Sunday, August 06, 2006

On arthropods.

The Daeguba System is in peril. It has been infiltrated by the most evil and icky empire of them all: the phylum arthropoda.

I returned home after an exhausting, caffeine-palsied night of chatting with my l33t hax0r friends in the PC bang across the street, flicked on the living room light and ... arrrghhhh! A bug! Fuck. I can't describe what kind of bug it was or I'll chunder all over the computer monitor and it's not my monitor to chunder all over.

These bugs have no name but you know the kind I mean. They have no name because naming them would imply that they belong to a species, that they fall in love, mate, have families, family friends, innocent hobbies like frisbee golf and flying remote control airplanes. But they are not, not, not a species. They are mutants, genetic mutants that spawn in the dingy creases of the world, wherever there is a basement sink, a forgotten-about space behind a toilet, or a person sleeping with his mouth left precariously wide open. But if I were to name this bug - thus implying it belongs to a species with bloodlines and ancestors and immigration papers and dignity, which I remind you it does not, damn it - if I were to name this bug, firm believer in onomatopoeia that I am (even though "onomatopoeia", while a very funny-sounding word, is not, itself, onomatopoetic), if I were to name this bug, I would name it "bluoughoughughhhhh!!!" because that is precisely the sound I make when I flick on the lights in my living room and catch one of these bugs, one of these bluoughoughughhhhhs, making a beeline on its 17.256 legs for a drain, a hole in the wall, or a stray pair of underwear to nest in, to squat in for a while, to sit around looking at pornographic magazines or whatever it is these mutant bugs do when they burrow into your dirty underwear for weeks on end.

Of course, now that I've seen one of these things - the beast was so huge that I hesitate to think of it as just "one" - I'm convinced that the apartment is crawling with them. They're in the walls, the floors, the ducts, the vents - it's like they were planted by the KGB, they're everywhere - in the sink, in my clothes, inside my body, inside each other like matryoshka dolls, an infinite regress of crawly fuckers, each more hideously deformed than the last.

Tonight I'm sleeping in two pairs of boxers, with one pair on backwards to keep out even the cagiest of Marine special op bluoughoughughhhhs. And by sleeping, I mean rolling around gasping, sweating, and whispering the rosary through clenched teeth. And by the rosary, I mean that one rosary, the one that's supposed to prevent nighttime bug visitations.

It's fascinating to me - and this is a blog post that I aborted earlier in the week because I thought it was stupid, but now that it's topical ... - that people are so revolted by bugs. It's practically universal among human beings, this revulsion, with the notable exception of entomologists, beekeepers, beard-of-bees wearers, stinkbug huffers, bedbug bite-permitters, ladybug daters, antfarm farmers, brevity-of-the-mayfly's-life-span reiteraters, fishermen, rolly polly with-a-stick pokers, and silverfish sympathizers. Also, most humans don't seem to be too creeped out by monarch butterflies, for whatever reason. Think they're so damn regal ...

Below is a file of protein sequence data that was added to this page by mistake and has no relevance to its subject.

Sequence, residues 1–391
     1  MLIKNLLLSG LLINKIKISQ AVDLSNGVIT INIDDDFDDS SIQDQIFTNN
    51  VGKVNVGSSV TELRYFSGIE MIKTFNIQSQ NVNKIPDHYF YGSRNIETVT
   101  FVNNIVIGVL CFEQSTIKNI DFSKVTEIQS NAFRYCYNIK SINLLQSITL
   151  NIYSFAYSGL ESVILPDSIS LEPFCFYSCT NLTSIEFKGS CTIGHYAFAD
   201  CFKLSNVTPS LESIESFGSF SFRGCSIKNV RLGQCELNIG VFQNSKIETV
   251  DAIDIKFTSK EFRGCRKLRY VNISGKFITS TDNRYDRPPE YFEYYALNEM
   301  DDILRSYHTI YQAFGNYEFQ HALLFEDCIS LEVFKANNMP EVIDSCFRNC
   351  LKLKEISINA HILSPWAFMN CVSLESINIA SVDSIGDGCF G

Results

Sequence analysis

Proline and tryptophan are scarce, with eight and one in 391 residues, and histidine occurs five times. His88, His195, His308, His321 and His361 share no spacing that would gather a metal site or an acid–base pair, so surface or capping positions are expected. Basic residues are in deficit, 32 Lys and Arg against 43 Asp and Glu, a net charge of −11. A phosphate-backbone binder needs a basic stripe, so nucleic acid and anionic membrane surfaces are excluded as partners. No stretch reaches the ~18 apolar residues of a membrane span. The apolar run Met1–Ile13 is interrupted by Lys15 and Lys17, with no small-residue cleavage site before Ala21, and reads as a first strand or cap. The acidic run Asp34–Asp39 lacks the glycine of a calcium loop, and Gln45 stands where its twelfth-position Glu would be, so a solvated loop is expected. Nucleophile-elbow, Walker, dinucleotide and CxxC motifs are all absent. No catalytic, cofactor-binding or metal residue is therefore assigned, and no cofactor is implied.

Why are we disgusted by bugs, such that we can't help but dry heave when we see some little black speck wriggling around on the floor? Does the nausea serve some evolutionary purpose? Or could it be something more capricious than that? The fear of the mechanical, the unthinking, the metallic/robotic? The same reason we are, sometimes against our own will, forced to conclude that Steven Spielberg's A.I. was a smoldering piece of shit?

Dr. Joel Smaldone of Rutgers says ... ha ha.

One of my worst memories - and it feels very recent, though I must have been shorter than four feet at the time - is of standing on the sidelines during a recreational soccer game, sipping a Capri Sun leftover from halftime, kicking the dirt around, moping, when I glanced up and saw two dragonflies mating, making love, hovering there, fucking in midair, struggling to get it done while still staying aloft, like two little rods, two pencil leads dumb and unalive, hovering, stuck together by another little rod, almost invisible, a dragonfly penis, a tube bubbling with warm dragonfly spermatozoa. Barf. The sight inevitably brought to mind Discovery Channel shots of jet fighters refueling, so lewd and daring and sexy, and I admit I had a hard time looking away from the spectacle. But eventually, I got so queasy that I spit out a mouthful of Capri Sun and walked away, to go stand by the alcoholic assistant coach, whose breath reminded me of the sad people at the bowling alley.

By the way, it was a house centipede. The bug, I mean. I looked it up.

God, I fucking hate bugs.

No comments: